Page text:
Delhi ►Sumatinath Jain Swetamber Temple

Posted: 01.04.2013
Updated on: 30.07.2015

2013.02.09  Delhi - Kinari Bazar N0282

Indraprastha Tirth Jain Swetamber Temple, also known as Delhi Sumatinath Jain Swetamber Temple after 5th Tirthankara Sumatinatha to whom it is dedicated.

A friendly guard took our cameras in custody. No, unfortunately taking own pictures was not permitted. Instead we got the web address with photos [http://www.indfy.com/picture-gallery/delhi/jain-swetamber-temple/ (12 Photos)] These pictures are not shown here, because according to our view they are not matching with the originals, which really are stunning:

The temple is one of the eldest in Delhi, what is shown in the name of “Indraprastha”. Indraprastha is the ancient term for Delhi, long before Delhi got significance being the capital of India. Its origins are said to go back to the Pandavas of Mahabharata about 1500 years ago. According to some sources the Pandavas were Jains and dedicated followers of 5th Tirthankara Sumatinatha. Anyhow, the temple got his present shape of white marble at the end of the 18th century during Mogul empire (1526 - 1858).

City Secret - Jain Svetambar Temple, Kinari Bazaar
Photo:Mayank Austen Soofi

Even the floor of the temple has an extraordinary design. View on Mogul arches and Garbhagriha in the background.

The interiors are lavishly equipped with precious materials like Belgian glass and mirror mosaics. Arches decorated with gold together with excellently designed marble plates and selected sculptures and paintings are forming a location alluding to celestial landscapes of timeless beauty. The temple is dedicated to 5th Tirthankara Sumatinatha whose sculpture adorned with gold, silver, and precious stones is sitting a little elevated in the Garbhagriha, the sanctum sanctorum, flanked with equally splendid statues of 1st Tirthankara Adinatha, 2nd Tirthankara Ajitanatha, 22nd Tirthankara Neminatha. At their feet small statuettes of different Tirthankaras are installed. The sculptures of the Tirthankaras are framed with golden ornamented arches so-called Moghul arches, which clearly is seen on the photo.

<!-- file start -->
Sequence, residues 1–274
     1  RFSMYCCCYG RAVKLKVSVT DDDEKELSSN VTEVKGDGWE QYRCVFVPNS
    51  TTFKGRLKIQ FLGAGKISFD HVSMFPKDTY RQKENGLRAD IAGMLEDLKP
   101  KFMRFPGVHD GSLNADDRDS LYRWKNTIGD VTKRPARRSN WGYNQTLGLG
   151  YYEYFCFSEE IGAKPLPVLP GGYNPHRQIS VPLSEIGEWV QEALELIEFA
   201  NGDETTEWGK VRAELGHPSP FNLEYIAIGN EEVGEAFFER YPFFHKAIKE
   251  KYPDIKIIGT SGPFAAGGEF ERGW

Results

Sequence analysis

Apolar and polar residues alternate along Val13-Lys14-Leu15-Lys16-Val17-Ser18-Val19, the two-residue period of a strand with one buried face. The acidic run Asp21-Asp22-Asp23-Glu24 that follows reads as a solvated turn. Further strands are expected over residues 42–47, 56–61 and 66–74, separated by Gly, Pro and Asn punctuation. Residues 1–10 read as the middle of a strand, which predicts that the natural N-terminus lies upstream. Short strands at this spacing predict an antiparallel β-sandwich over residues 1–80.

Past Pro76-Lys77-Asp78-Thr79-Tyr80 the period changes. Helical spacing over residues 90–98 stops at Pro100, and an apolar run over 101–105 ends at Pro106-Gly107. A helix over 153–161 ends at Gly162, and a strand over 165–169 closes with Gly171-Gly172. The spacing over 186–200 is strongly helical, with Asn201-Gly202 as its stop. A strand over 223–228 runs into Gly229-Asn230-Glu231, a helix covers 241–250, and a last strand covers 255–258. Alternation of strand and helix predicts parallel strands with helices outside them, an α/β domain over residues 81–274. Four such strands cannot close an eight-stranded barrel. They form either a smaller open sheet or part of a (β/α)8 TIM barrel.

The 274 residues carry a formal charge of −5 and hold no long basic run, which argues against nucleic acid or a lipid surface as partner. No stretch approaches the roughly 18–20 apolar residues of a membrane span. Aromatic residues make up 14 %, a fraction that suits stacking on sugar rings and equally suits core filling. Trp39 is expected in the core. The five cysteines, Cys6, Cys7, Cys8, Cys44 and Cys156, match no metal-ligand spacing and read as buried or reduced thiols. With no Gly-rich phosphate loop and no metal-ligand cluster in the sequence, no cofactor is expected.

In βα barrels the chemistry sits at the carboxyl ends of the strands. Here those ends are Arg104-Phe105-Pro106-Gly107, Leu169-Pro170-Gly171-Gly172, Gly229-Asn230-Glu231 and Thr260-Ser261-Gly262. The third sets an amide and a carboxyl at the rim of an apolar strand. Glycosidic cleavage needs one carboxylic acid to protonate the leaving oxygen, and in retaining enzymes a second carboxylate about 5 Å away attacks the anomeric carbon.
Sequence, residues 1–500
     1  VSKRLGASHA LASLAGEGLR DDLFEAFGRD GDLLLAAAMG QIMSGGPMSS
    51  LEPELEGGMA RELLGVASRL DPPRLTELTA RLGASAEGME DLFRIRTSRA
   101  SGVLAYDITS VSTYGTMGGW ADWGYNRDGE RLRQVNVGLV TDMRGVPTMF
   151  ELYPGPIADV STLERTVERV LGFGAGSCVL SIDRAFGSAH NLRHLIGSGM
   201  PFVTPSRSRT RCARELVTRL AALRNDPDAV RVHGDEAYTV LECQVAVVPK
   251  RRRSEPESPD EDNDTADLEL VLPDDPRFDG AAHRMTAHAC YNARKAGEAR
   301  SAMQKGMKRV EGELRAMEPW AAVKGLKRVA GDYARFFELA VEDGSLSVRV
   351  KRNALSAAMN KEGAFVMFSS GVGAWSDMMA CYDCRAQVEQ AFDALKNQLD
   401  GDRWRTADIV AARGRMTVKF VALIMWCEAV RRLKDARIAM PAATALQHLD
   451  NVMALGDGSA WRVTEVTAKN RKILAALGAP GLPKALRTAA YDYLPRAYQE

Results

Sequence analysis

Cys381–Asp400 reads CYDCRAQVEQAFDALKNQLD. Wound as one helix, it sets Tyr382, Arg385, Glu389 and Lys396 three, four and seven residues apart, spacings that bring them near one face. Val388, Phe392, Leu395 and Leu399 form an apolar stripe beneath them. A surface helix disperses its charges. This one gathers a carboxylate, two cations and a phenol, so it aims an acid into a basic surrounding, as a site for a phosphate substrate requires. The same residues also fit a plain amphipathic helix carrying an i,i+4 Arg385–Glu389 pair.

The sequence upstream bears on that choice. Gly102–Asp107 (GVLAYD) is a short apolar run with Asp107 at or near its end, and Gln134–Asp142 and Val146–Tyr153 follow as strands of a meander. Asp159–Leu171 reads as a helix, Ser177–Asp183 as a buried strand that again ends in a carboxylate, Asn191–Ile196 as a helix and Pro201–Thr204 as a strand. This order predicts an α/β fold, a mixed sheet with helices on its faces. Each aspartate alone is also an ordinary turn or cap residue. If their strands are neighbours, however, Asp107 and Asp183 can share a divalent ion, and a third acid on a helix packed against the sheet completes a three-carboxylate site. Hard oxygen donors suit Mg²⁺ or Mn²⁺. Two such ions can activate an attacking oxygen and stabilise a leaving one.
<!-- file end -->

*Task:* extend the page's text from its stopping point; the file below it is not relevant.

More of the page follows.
JAIN TEMPLE, DELHI
Photo:Burlingamebarley

Garbhagriha, sanctum sanctorum of Indraprastha Jain Swetamber Temple with sculptures of Tirthankaras Adinatha (1st l), Neminatha (2nd l), Sumatinatha (m),??? (1st behind column), Ajitanatha (2nd r)..

Depictions of all 24 Tirthankaras do not differ, except for the symbols attributed to them. They only can be identified if a symbol is applied on the chair cushion or the pedestal. The column hides this part of the Tirthankara sitting to the right of Sumatinatha. Sumatinatha is wearing a halo of sun rays. All Tirthankaras seem to be illuminated by a heavenly glow. This effect is produced by adding pure gold or silver to the marble sculptures, whereas all the statuettes are made from gold only. Gold, silver, marble, and precious stones have been chosen for adequate depicture and ornament of the Tirthankaras because of their purity.

DETAILS FROM AN ANCIENT PAINTING
Photo:Burlingamebarley

On many of the centuries-old paintings events of the life of a Tirthankara are shown. The colours for the paintings have been made of gold, rough gemstones, and water according to a traditional procedure.

 

INDRAPRASTHA TIRTH JAIN SWETAMBER TEMPLE
Photo:Burlingamebarley

Door made of pure silver surrounded by ancient paintings.

 

City Secret - Jain Svetambar Temple, Kinari Bazaar
Photo:Mayank Austen Soofi

Traces of time are requiring an elaborate restoration by an expert.

 

City Secret - Jain Svetambar Temple, Kinari Bazaar
Photo:Mayank Austen Soofi

The statuettes daily are adorned with fresh roses and anointed with sandalwood paste.

 

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